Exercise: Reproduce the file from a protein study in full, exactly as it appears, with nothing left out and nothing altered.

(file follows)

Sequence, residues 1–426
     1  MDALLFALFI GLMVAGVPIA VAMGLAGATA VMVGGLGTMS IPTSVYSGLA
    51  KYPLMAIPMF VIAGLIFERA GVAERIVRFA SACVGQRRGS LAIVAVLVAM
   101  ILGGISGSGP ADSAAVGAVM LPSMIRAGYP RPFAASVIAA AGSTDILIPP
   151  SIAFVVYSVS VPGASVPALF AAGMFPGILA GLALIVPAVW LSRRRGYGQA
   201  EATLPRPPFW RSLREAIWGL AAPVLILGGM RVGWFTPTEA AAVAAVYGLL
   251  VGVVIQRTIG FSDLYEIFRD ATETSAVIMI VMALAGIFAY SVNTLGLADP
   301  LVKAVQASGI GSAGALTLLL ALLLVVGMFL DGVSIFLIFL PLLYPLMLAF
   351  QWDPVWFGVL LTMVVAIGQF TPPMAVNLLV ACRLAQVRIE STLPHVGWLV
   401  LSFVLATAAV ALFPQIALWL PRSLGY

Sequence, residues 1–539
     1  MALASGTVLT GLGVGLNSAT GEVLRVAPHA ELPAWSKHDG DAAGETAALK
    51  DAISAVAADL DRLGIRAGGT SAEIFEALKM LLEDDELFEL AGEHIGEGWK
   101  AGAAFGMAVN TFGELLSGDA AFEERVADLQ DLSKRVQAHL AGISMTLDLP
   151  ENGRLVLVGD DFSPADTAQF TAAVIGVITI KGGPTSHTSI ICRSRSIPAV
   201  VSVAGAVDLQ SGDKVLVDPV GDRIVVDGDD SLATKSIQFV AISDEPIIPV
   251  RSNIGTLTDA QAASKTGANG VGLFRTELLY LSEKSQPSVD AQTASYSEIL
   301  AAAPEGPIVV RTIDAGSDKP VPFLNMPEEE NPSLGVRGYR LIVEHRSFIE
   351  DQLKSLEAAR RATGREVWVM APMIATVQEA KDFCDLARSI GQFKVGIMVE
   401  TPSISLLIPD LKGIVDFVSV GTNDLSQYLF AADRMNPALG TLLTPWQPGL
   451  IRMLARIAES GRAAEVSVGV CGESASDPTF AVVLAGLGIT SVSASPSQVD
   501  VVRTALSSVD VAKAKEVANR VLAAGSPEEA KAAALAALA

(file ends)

Sequence, residues 1–426
     1  MDALLFALFI GLMVAGVPIA VAMGLAGATA VMVGGLGTMS IPTSVYSGLA
    51  KYPLMAIPMF VIAGLIFERA GVAERIVRFA SACVGQRRGS LAIVAVLVAM
   101  ILGGISGSGP ADSAAVGAVM LPSMIRAGYP RPFAASVIAA AGSTDILIPP
   151  SIAFVVYSVS VPGASVPALF AAGMFPGILA GLALIVPAVW LSRRRGYGQA
   201  EATLPRPPFW RSLREAIWGL AAPVLILGGM RVGWFTPTEA AAVAAVYGLL
   251  VGVVIQRTIG FSDLYEIFRD ATETSAVIMI VMALAGIFAY SVNTLGLADP
   301  LVKAVQASGI GSAGALTLLL ALLLVVGMFL DGVSIFLIFL PLLYPLMLAF
   351  QWDPVWFGVL LTMVVAIGQF TPPMAVNLLV ACRLAQVRIE STLPHVGWLV
   401  LSFVLATAAV ALFPQIALWL PRSLGY

Sequence, residues 1–539
     1  MALASGTVLT GLGVGLNSAT GEVLRVAPHA ELPAWSKHDG DAAGETAALK
    51  DAISAVAADL DRLGIRAGGT SAEIFEALKM LLEDDELFEL AGEHIGEGWK
   101  AGAAFGMAVN TFGELLSGDA AFEERVADLQ DLSKRVQAHL AGISMTLDLP
   151  ENGRLVLVGD DFSPADTAQF TAAVIGVITI KGGPTSHTSI ICRSRSIPAV
   201  VSVAGAVDLQ SGDKVLVDPV GDRIVVDGDD SLATKSIQFV AISDEPIIPV
   251  RSNIGTLTDA QAASKTGANG VGLFRTELLY LSEKSQPSVD AQTASYSEIL
   301  AAAPEGPIVV RTIDAGSDKP VPFLNMPEEE NPSLGVRGYR LIVEHRSFIE
   351  DQLKSLEAAR RATGREVWVM APMIATVQEA KDFCDLARSI GQFKVGIMVE
   401  TPSISLLIPD LKGIVDFVSV GTNDLSQYLF AADRMNPALG TLLTPWQPGL
   451  IRMLARIAES GRAAEVSVGV CGESASDPTF AVVLAGLGIT SVSASPSQVD
   501  VVRTALSSVD VAKAKEVANR VLAAGSPEEA KAAALAALA